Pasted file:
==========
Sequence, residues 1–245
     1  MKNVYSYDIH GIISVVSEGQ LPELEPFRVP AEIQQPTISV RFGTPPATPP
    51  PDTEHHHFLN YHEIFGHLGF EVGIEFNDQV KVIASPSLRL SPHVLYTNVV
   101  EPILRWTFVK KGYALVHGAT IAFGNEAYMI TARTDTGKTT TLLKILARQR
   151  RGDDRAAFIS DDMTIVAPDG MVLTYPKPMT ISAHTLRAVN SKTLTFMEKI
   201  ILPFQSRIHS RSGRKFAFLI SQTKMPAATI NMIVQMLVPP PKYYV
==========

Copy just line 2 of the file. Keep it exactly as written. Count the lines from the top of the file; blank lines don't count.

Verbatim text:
     1  MKNVYSYDIH GIISVVSEGQ LPELEPFRVP AEIQQPTISV RFGTPPATPP